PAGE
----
(Fem) Sex Is Selfish

Based on a previous study … that elicited … personal accounts of sexual motivations … Meston, a sexual psychophysiologist, and Buss, an evolutionary psychologist compiled a list of 237 distinct [sex] motivations … In researching the [2009] book [Why Women Have Sex] they asked over one thousand women to give a description of actual sexual encounters associated with any of these 237 reasons, mostly via online survey. These reasons are discussed in relation to the underlying motivations they point to and the likely evolutionary benefits they gave our ancestral mothers.(more)

The book Why Women Have Sex has many fascinating tidbits, and provoked many thoughts in me. For example, I noticed that the vast majority of the female sex motives discussed in the book are selfish, i.e., primarily intended to benefit oneself, as opposed to one’s partner. For example, even pity sex seems mainly selfish:

Here is how one woman described sex as a way of boosting her self-confidence:

I had sex with a couple of guys because I felt sorry for them. These guys were virgins and I felt bad that they had never had sex before so I had sex with them. I felt like I was doing them a big favor that no one else had over done. I felt power over them, like they were weaklings under me and I was in control. It boosted my confidence to be the teacher in the situation and made me feel more desirable.

The main altruistic sex motive is a part of “love”:

Of the more than two hundred reasons given for having sex, love [#5, to express my love, #9, I was in love] and emotional closeness [#12] were ranked in the top twelve for women. …

According to the well-known … “triangular theory of love,” love consists of the distinct components of intimacy, passion, and commitment. Intimacy is the experienced of warmth toward another person that arises from feelings of closeness and connectedness. It involves the desire to give and receive emotional support and to share one’s innermost thoughts and experiences. … Here is how one woman in our study experienced this [intimacy] dimension of love:

I fell that sex can be one of many physical expressions of love, though sex is not always an expression of love. When I make love with my husband, it is an intimacy, trust, and exposure of myself that I share only with him … because I love him. Sex can be a way of fulfilling my husband’s needs (physical, emotional, psychological) that can’t be achieved any other way and [it] lets him know that I love him and vice versa. …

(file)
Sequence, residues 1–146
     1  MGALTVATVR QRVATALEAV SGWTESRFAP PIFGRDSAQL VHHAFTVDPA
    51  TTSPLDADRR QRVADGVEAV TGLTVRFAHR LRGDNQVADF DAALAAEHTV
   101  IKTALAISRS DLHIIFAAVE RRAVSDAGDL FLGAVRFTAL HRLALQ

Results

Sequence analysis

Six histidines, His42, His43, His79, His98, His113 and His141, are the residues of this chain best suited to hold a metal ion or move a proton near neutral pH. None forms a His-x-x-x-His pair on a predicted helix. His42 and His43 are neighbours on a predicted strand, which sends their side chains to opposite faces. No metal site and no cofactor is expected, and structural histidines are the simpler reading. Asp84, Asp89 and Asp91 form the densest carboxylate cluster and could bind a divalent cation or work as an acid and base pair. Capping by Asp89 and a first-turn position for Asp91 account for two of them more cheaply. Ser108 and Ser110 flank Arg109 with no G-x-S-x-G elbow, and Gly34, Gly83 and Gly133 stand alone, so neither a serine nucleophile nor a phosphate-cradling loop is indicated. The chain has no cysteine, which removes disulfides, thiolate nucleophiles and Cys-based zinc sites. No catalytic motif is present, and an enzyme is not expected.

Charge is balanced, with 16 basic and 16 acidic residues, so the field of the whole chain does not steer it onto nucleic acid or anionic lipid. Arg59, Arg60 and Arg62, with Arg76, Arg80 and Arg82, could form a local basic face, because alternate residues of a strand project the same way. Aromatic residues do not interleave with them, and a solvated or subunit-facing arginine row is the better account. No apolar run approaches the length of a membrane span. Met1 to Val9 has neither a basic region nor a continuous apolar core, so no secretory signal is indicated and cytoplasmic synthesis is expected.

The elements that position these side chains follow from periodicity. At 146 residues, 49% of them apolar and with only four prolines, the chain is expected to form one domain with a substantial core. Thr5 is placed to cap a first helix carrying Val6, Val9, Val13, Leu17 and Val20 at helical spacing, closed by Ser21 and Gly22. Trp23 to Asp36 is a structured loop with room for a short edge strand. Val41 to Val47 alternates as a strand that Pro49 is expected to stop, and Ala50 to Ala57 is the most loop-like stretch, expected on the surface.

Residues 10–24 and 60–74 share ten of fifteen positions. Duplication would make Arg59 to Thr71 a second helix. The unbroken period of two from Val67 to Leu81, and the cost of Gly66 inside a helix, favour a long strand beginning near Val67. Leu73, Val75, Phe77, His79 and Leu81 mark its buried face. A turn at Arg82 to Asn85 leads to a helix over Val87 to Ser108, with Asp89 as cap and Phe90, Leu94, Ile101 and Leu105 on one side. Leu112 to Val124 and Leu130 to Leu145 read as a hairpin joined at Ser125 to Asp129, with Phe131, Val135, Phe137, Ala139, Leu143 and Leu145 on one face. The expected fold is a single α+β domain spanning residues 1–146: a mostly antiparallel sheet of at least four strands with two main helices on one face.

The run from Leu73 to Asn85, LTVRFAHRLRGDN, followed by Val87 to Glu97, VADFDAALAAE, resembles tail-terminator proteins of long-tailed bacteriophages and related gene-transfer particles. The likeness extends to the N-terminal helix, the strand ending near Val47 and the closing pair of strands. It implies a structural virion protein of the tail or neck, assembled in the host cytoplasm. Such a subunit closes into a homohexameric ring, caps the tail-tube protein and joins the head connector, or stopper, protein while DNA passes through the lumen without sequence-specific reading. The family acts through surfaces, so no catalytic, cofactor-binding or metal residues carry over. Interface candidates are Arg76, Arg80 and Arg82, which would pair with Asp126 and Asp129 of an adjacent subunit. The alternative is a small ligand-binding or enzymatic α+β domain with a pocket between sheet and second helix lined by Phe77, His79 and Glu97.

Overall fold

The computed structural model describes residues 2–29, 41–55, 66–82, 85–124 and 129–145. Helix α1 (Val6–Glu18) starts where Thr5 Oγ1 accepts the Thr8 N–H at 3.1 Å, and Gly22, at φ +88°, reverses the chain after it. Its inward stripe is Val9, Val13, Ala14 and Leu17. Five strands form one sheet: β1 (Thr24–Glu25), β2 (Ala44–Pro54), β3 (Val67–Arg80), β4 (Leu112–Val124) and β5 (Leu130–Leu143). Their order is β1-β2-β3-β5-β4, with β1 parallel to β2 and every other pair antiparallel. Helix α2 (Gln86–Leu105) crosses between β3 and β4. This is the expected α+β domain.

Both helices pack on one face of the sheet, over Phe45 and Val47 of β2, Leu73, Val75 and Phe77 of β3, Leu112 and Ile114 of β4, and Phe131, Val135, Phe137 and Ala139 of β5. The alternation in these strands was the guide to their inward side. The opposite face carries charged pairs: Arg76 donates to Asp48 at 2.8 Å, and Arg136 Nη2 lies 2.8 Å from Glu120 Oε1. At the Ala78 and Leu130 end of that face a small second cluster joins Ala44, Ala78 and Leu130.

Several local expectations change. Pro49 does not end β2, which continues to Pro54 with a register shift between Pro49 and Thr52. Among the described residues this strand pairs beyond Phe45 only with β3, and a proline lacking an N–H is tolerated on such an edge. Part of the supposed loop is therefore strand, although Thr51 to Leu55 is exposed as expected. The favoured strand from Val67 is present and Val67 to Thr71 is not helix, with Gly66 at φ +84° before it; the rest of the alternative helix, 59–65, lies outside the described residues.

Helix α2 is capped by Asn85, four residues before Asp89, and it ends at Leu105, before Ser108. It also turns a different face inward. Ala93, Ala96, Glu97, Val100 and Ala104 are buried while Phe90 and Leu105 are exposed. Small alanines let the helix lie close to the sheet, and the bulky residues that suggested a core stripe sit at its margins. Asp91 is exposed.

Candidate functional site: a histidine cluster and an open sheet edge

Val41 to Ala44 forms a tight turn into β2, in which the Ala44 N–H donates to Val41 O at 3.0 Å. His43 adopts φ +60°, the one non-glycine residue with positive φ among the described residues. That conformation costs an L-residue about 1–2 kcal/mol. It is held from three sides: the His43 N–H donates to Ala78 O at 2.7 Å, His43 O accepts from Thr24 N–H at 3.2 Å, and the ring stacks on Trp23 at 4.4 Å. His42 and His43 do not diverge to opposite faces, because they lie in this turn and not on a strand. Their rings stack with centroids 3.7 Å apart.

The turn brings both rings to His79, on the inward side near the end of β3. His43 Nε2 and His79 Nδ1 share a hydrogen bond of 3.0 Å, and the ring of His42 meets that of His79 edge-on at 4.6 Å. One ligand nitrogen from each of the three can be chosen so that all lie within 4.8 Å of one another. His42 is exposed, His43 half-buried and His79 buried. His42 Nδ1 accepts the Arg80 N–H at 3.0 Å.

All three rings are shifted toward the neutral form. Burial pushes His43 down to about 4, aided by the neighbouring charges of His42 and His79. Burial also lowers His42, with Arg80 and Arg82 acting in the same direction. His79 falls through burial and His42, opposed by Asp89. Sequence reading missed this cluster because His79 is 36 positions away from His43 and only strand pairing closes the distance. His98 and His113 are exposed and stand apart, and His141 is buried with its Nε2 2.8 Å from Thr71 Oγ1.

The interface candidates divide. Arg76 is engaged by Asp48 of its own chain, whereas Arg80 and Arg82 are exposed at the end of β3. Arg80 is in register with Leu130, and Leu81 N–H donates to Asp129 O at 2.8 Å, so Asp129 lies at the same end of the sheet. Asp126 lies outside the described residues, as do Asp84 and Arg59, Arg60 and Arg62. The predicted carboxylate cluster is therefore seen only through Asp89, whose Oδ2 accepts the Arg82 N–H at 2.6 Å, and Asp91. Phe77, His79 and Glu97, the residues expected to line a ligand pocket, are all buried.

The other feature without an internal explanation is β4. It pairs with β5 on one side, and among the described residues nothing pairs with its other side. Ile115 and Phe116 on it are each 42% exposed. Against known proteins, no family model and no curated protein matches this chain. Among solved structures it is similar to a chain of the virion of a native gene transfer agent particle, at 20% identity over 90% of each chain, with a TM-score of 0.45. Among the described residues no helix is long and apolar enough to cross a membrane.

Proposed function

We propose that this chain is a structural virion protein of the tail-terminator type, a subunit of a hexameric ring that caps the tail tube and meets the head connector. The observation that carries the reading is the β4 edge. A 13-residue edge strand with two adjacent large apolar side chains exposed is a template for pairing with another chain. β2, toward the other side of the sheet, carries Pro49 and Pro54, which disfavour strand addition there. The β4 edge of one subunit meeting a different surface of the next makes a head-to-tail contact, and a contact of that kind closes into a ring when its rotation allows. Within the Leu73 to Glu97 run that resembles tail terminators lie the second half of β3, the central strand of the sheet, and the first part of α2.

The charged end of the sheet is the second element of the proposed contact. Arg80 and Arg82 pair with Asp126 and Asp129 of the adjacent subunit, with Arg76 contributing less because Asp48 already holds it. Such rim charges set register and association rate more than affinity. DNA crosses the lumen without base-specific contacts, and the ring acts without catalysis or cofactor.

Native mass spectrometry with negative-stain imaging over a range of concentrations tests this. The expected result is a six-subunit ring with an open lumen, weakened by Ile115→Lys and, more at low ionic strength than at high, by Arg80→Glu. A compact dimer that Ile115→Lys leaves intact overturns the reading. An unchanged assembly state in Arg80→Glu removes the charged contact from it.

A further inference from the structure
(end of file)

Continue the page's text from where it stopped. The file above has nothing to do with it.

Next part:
Passion … refers to intense romantic feelings and sexual desire for another person, … “a hot intense emotion” characterized by an intense longing for union with another. …

Commitment … requires decision-making. … The long-term decision involves a willingness to maintain the relationship through thick and thin. Many women talked about how commitment was an essential component of love for them. In fact, some said that they used having sex as a way to try to ensure commitment from a partner they felt loved them.

So, out of the of 237 female reasons for sex, love is in #5,9. “Please my partner” is #11 (its #10 for men). On love, only one of its three parts, intimacy, has an clearly altruistic component. Six desired effects of intimacy are mentioned: experiencing warmth, giving support, receiving support, sharing experiences, showing love, and being shown love. Of these, only one, giving support or meeting needs, seems clearly altruistic (though even this could be selfish). So one of the six desired effects of one of the three parts of love, mentioned twice in the top ten reasons for sex, seems altruistic. Direct clear altruism is #11. Not nothing, but not a lot either.

People often complain that economists assume selfishness too often, and point to intense close relationships as clear evidence of altruism. But if even in this case our motives seem overwhelmingly selfish, economists’s usual approximation looks pretty good.

FYI, here are the top 15 female sex reasons, from that original survey:

1. I was attracted to the person
2. I wanted to experience the physical pleasure
3. It feels good
4. I wanted to show my affection to the person
5. I wanted to express my love for the person
6. I was sexually aroused and wanted the release
7. I was ‘‘horny’’
8. It’s fun
9. I realized I was in love
10. I was ‘‘in the heat of the moment’’
11. I wanted to please my partner
12. I desired emotional closeness (i.e., intimacy)
13. I wanted the pure pleasure
14. I wanted to achieve an orgasm
15. It’s exciting, adventurous

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  • Albert Ling